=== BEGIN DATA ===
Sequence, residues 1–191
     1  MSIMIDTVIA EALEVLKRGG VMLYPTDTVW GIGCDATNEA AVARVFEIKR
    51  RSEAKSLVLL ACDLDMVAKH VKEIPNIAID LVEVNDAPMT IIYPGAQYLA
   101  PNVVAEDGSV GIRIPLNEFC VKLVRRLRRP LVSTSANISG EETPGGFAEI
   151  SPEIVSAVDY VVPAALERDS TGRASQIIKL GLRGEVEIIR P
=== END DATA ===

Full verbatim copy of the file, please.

Sequence, residues 1–191
     1  MSIMIDTVIA EALEVLKRGG VMLYPTDTVW GIGCDATNEA AVARVFEIKR
    51  RSEAKSLVLL ACDLDMVAKH VKEIPNIAID LVEVNDAPMT IIYPGAQYLA
   101  PNVVAEDGSV GIRIPLNEFC VKLVRRLRRP LVSTSANISG EETPGGFAEI
   151  SPEIVSAVDY VVPAALERDS TGRASQIIKL GLRGEVEIIR P